- Poor hygiene
- Smoking
- Lack of sleep
- Oil-based beauty products

These are all things to keep in mind before you decide to treat the milia, as improving different habits could reduce the spots completely. This can also depend on how deep the milia lay – they can develop on the surface of the skin and within a few weeks, reduce and disappear altogether due to the skin's natural renewal process.  

The Treatment For Milia

If you have been suffering from milia for a long time and want nothing more than to see the back of them, we understand, and have looked into different treatments that can help remove these persistent bumps.

First of all, you need to make sure that you’re not trying to squeeze these spots like zits, and this will only irritate the skin and cause more damage. We can all be a little guilty of going on a zit popping spree when we have a breakout, but when it comes to milia, all you’re doing is adding more dirt, grime, and unwanted oil to an already sensitive area. If you break the skin, these oils and germs will be absorbed, giving you more to worry about than a small white bump!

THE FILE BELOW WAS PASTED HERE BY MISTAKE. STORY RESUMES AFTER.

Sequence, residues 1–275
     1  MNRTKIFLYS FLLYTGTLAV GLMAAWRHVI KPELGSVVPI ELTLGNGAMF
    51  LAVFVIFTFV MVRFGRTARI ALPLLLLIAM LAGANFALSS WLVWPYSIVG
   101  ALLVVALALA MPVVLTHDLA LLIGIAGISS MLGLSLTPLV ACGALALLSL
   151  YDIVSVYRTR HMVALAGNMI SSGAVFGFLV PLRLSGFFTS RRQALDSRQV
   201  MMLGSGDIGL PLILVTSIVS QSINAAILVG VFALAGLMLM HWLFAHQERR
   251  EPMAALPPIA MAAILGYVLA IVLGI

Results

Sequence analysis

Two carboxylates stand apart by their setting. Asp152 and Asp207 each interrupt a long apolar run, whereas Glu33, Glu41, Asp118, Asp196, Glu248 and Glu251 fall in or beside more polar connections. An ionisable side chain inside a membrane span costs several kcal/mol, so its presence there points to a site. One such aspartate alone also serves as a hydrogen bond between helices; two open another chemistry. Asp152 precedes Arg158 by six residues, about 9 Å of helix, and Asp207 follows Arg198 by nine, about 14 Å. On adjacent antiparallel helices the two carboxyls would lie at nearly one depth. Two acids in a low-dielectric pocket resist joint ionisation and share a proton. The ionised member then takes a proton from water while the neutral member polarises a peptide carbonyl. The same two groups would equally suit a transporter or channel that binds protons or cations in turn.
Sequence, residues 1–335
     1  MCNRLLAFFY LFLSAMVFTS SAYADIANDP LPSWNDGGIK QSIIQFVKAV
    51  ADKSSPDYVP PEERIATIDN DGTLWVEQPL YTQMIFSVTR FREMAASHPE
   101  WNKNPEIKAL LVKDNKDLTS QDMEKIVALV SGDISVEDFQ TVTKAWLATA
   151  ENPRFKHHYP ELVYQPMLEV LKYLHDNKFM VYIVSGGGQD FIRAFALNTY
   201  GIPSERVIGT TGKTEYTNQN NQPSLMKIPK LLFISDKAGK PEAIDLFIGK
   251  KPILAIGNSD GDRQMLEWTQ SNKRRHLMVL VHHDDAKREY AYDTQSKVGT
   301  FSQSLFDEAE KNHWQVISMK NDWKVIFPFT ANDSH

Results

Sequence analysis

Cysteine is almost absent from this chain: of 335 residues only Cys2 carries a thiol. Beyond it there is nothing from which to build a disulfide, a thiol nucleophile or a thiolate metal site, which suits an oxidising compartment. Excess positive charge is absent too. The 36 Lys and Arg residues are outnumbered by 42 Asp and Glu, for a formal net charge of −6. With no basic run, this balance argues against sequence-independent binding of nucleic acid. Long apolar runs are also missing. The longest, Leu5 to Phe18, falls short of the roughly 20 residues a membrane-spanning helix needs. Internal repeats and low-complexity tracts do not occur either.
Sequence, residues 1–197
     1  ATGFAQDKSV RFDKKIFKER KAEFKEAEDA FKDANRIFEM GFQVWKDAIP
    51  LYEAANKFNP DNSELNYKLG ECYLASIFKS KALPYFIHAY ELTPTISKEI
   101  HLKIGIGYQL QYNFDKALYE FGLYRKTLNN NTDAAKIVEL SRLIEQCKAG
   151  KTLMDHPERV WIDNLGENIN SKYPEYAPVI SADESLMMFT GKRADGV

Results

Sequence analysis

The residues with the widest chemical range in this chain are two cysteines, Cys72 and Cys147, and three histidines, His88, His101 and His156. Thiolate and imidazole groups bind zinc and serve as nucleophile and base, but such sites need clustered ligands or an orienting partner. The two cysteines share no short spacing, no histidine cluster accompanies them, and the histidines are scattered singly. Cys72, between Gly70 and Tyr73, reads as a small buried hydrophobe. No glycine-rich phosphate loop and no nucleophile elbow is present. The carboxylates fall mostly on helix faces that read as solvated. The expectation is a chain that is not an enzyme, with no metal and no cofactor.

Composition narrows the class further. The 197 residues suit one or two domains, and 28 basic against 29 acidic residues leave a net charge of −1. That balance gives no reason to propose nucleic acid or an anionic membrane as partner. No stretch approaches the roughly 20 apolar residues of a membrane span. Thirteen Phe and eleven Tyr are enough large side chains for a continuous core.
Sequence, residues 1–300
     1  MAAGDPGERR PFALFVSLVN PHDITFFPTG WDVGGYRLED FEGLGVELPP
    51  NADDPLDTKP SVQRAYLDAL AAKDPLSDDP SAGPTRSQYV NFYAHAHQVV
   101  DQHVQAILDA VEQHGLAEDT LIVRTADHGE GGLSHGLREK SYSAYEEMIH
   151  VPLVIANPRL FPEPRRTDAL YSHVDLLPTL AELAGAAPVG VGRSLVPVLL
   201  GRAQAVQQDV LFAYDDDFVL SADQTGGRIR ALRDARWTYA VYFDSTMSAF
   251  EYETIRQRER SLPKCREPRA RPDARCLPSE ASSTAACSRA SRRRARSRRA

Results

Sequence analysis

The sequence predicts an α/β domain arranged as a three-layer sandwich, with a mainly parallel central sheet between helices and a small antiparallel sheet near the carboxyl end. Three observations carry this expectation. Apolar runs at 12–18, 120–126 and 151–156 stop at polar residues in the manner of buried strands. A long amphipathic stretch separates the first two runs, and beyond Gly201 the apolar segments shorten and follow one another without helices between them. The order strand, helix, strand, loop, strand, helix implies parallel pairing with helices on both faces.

The best option is to seek professional help, which will involve small incisions to the skin and the infected areas. If you’re someone who suffers from deep cystic infections, an incision will be necessary. Although this sounds painful, the procedure is quick and painless. For less server cases, the dermatologist will simply remove the milia using an extractor, needle or lancing tool [2].

Milia Prevention

There are ways to prevent these small irritants from forming on the surface of your skin and some may be easier than you think. When it comes to skincare, most of the time prevention is easy – when you know what you’re doing…

1. Cleansing

Cleansing should be an active and regular ritual in your skincare routine. If not, something needs to change. Throughout the day, your skin will collect dirt, grit and other unwanted germs from pollution, weather and other environmental factors, so it is extremely important to clean your face every day. Along with these aggressors, we also need to remove the layers of make-up and lotion we apply to our skin daily.